A Modern “Historical” Wood Type Ornament
One of the goals of Moore Wood Type has always been to cut wood type based on historical sources such as type specimen books from William Page, Morgans & Wilcox, Tubbs, and, of course, Hamilton. I have also been cutting type as special orders for printer friends, and also whatever odd type my daughter Erin wants for one of her print jobs.
I am very proud to say that Erin is a Graphic Design Instructor in the Art Department at Miami University in Oxford, Ohio. She has helped revitalize their letterpress program and teaches several different courses dealing with printing and design. Last year she had a design competition in her letterpress class to design, “a modern ornament or catchword.”
I made a presentation to the class on the history of wood type design and production, showed them how to cut type with my small line pantograph, and set down some simple guidelines for the competition. I also brought the pantograph to her college and let each class member cut a piece of wood type so they would understand how it works.
The winning design would be selected by the retiring department chair, Tom Effler, who is also the inspiration for the name and logo of Miami’s Curmudgeon Press. Then Moore Wood Type would cut the design in maple at 6, 8, 10, and 12 line size and donate a full set to Curmudgeon Press, to the designer, and of course a set would end up in Erin’s Inky Winke type cabinet.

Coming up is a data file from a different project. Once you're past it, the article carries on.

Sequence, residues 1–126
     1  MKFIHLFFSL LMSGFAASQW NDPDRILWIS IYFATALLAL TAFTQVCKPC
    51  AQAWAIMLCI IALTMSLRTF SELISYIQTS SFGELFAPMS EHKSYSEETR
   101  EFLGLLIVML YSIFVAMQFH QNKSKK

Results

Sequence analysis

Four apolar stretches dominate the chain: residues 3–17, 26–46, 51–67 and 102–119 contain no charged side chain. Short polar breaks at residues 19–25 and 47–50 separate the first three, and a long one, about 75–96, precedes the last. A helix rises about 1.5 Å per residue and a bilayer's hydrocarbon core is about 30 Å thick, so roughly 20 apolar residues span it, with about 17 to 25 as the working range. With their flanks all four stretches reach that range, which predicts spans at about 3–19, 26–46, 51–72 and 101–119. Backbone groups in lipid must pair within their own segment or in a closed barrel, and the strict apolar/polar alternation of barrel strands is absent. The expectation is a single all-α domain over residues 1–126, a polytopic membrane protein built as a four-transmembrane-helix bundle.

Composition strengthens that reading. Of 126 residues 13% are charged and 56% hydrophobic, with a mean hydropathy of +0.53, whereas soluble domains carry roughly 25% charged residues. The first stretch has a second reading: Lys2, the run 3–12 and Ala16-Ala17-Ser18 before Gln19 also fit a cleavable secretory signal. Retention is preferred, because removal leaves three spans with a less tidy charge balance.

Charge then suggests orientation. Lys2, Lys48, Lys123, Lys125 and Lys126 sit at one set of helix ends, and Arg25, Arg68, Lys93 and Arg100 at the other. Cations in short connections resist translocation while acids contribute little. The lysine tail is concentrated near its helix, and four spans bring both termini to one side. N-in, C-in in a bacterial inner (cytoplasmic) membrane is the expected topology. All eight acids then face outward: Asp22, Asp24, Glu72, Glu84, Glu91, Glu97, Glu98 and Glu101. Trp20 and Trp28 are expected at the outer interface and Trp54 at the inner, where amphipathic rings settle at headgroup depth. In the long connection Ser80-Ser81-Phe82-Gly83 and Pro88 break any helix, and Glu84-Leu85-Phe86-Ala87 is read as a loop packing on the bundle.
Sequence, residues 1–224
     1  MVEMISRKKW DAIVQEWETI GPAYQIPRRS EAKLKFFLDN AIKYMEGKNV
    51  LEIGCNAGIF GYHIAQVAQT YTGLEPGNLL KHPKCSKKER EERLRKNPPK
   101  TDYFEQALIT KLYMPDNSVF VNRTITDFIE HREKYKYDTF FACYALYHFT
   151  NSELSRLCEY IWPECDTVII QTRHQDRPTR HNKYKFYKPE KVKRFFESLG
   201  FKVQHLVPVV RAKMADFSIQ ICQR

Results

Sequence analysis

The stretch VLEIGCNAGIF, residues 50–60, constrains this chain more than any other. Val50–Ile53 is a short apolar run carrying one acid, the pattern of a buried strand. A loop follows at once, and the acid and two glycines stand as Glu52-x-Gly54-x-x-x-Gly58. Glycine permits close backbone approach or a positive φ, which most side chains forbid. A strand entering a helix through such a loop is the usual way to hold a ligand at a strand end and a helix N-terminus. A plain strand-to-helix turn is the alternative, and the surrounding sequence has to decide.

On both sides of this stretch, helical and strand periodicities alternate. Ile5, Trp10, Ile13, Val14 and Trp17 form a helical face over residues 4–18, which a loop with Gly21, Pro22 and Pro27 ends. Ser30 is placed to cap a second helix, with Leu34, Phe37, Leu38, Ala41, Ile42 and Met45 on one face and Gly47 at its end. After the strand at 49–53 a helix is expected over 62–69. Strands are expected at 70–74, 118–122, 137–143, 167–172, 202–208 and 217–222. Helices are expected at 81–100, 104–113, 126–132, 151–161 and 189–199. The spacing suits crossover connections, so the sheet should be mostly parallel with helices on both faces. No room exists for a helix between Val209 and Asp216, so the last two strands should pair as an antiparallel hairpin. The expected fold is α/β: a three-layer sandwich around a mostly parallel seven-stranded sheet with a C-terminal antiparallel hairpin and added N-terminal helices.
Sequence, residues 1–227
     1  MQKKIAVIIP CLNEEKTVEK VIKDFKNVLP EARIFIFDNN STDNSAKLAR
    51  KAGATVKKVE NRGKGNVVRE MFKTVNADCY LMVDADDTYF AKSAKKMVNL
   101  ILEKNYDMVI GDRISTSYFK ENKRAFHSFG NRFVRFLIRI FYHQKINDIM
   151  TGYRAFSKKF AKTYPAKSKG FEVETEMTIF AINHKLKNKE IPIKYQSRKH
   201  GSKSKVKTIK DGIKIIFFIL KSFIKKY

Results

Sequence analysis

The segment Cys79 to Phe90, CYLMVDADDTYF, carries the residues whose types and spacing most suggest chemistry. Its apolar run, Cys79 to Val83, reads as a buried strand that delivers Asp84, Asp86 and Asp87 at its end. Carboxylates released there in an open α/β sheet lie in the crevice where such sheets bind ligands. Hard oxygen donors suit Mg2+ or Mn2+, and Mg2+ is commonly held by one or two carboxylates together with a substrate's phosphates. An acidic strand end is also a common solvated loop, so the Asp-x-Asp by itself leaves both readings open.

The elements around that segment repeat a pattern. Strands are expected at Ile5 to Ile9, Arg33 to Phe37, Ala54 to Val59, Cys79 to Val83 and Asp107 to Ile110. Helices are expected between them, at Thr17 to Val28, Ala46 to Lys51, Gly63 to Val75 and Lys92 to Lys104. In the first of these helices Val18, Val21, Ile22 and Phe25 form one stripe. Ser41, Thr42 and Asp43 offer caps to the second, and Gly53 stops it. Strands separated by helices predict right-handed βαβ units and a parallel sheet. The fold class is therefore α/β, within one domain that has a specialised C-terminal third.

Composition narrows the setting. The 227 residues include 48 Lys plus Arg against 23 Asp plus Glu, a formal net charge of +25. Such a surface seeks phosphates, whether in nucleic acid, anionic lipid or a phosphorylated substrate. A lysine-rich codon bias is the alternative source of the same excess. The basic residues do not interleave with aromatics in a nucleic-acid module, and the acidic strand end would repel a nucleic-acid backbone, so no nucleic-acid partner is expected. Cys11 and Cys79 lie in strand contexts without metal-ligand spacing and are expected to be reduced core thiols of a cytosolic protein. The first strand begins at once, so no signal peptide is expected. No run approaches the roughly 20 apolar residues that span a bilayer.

Students began with hand sketches, as a group critiqued the design based on the guidelines as well as aesthetics, then traced the selected ornament in Illustrator. Participants included printmaking and metals grad students, an art faculty member as well as graphic design and architecture majors.
The chosen ornament is LePlume, named by the designer Emily Schwegman Graphics Class of 2013. LePlume will be sold in pairs in the MWT store soon. The unique thing about this pair of ornaments is that they work on the press in all four directions, as a border, corner blocks, line ornaments and my favorite use, to position the points toward each other to make a really neat mustache.
Here are some images of the LePlume production process.